Calgary and Alberta continue to struggle with stagnant growth, job creation: reports

Click to play video: 'Alberta, federal politicians make waves at oilsands conference in Fort McMurray' Alberta, federal politicians make waves at oilsands conference in Fort McMurray
WATCH: Alberta Premier Jason Kenney made the keynote speech at the oilsands conference and trade show in Fort McMurray. Federal Natural Resources Minister Amarjeet Sohi was also there. Tom Vernon reports – Sep 10, 2019

The economic challenges continue to weigh on Alberta with a bit of a step back in growth and job creation, according to two new reports.

ATB Financial’s newest Alberta Economic Outlook forecasts 0.8 per cent real GDP growth for the province in 2019.

Chief economist Todd Hirsch said after a bit of an improvement in 2017, things have definitely flattened out.

“It has been a little bit of a surprise,” Hirsch said Tuesday, “but not entirely when you think about what’s driving it.”

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Alberta’s economy is facing challenges from all sides, he said, but mostly the stagnant growth is due to the sluggish oil and gas sector and the lack of pipeline capacity — things that are dampening construction activity, consumer spending and job creation.

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Calgary is being hit harder than many other cities, he said.

“Because we are the epicentre of Alberta’s oil and gas industry — and especially a lot of those high quality, high paying oil and gas jobs — we are feeling it worse in Calgary than a lot of other parts of the province,” Hirsch said.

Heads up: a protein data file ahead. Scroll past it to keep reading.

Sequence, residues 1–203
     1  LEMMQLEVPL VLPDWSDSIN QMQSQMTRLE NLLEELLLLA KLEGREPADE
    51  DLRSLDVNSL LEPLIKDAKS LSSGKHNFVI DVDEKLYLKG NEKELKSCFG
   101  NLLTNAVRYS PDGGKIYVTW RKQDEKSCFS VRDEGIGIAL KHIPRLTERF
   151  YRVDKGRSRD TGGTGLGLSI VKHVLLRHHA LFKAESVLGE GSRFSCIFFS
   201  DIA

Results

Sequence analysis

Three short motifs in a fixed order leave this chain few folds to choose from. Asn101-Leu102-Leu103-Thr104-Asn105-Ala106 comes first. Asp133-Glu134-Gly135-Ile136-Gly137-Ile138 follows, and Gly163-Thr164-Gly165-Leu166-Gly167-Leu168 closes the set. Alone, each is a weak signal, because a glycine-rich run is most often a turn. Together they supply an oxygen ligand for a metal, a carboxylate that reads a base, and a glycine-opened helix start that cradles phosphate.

He also pointed out that Calgary’s diversification into other industries isn’t as far along as other cities, which also has led to slower job growth.

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Another survey backs up ATB’s forecast of a stagnant hiring climate.

The latest ManpowerGroup Employment Outlook Survey revealed that 10 per cent of Calgary-area employers plan to hire in the fourth quarter of 2019, while eight per cent plan to cut back.

The remaining 82 per cent of employers plan to maintain their current staffing levels in the upcoming quarter.

“I think it’s also important to note we’re not expecting to slide back into recession,” Hirsch said. “We’re not expecting things to be nearly as difficult as they were in 2015 and 2016.”

He added that the economy contracted about seven per cent in those two years.

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ATB is forecasting growth of two per cent in 2020, assuming some of the transportation issues clogging up the oil patch are resolved and investment in new production increases.

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